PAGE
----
by Lee Ann Rubsam

Discerning Between Soul and Spirit (Part 2)

Each of us must make daily choices of whether we will think according to the soul or spirit. We have to decide whether to agree with the soulish viewpoints of others, or whether to refuse them in favor of the Spirit. As I said last time, besides secular movers and shakers, some Christian leaders who carry a great deal of influence are speaking from the soul, rather than the Spirit.

We must learn to recognize whether what we are listening to is originating with soul or spirit. Once we know how to identify which it is, we are well on our way to understanding how to respond to it.

The answer is simpler than we might suspect: it is wrapped up in the Word of God.

For the word of God is living, and powerful, and sharper than any two-edged sword, piercing even to the dividing asunder of soul and spirit … and is a discerner of the thoughts and intents of the heart.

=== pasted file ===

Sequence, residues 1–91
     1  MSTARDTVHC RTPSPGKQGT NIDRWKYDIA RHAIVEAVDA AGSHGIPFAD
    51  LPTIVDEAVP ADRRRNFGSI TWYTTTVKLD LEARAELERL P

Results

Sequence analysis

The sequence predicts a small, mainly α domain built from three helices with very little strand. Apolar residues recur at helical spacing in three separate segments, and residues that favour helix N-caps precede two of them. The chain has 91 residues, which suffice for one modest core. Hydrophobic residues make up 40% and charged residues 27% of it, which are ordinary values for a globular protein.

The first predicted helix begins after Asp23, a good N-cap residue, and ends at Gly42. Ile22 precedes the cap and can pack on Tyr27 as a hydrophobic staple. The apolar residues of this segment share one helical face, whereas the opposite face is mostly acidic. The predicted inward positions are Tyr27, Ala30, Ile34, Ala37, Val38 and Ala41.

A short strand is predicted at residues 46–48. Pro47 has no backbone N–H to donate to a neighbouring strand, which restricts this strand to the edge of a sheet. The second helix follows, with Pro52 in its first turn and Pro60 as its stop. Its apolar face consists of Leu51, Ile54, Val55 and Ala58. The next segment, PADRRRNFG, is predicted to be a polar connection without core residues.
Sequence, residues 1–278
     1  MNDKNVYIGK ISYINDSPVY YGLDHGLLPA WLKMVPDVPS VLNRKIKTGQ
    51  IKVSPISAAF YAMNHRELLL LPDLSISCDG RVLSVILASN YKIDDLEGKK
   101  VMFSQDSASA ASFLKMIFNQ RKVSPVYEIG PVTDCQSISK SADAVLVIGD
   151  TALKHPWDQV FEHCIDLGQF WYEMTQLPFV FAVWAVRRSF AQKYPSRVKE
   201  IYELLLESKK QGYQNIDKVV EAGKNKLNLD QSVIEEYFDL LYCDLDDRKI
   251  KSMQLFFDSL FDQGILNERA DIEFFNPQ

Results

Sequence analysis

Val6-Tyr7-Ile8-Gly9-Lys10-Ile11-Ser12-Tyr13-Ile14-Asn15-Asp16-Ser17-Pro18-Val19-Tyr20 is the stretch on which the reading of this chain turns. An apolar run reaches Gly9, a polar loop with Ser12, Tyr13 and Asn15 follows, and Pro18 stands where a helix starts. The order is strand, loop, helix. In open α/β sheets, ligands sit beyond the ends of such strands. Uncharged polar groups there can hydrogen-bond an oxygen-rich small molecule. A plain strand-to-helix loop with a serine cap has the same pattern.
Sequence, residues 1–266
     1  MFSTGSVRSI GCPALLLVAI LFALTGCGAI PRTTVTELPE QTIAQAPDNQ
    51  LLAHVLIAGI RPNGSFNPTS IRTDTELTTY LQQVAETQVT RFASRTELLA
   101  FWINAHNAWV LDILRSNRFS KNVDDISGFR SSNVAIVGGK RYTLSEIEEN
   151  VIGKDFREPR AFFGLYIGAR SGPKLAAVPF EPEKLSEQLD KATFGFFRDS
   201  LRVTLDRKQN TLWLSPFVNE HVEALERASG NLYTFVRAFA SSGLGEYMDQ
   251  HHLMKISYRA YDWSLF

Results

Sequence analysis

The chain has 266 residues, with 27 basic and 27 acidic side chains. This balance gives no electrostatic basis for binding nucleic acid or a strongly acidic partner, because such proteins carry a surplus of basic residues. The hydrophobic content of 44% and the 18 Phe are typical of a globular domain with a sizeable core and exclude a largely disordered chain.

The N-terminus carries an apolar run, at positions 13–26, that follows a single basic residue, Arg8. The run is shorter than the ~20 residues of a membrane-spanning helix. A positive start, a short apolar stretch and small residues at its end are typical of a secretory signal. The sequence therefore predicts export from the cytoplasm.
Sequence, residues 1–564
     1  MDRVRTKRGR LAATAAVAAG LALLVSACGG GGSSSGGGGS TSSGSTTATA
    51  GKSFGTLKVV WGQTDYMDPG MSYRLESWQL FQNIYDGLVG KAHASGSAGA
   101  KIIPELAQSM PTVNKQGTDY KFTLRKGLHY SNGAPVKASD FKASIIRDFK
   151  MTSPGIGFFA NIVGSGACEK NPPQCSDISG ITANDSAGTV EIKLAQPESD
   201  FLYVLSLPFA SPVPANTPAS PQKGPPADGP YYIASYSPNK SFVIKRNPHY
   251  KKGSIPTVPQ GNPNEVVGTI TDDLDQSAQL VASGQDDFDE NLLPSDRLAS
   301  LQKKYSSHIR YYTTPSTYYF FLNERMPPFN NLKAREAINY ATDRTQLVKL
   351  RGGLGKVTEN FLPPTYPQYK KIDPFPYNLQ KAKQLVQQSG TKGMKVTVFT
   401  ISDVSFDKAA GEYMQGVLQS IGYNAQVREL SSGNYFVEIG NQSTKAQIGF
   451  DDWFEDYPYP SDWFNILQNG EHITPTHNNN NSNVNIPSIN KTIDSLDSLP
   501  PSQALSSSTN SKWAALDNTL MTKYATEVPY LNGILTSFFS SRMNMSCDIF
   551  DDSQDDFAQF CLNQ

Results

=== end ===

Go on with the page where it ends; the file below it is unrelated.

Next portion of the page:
Neither is there any creature that is not manifest in His sight: but all things are naked and opened to the eyes of Him with Whom we have to do.  — Hebrews 4:12, 13

Part of the reason believers are so easily led about by soulish influencers is because the majority of us are not well-grounded in the Bible. When we continually eat from God’s Word, we are nourished by the Holy Spirit’s wisdom, counsel, and truth. He becomes the strongest Influencer in our lives. Therefore, when we come into contact with even the most convincing voices, a red flag pops up inside warning that something isn’t right. Colossians 3:15 refers to it as the peace of God ruling (like a judge or umpire) in our hearts. We know in our spirit-man whether something we are being told is right-on or off-kilter.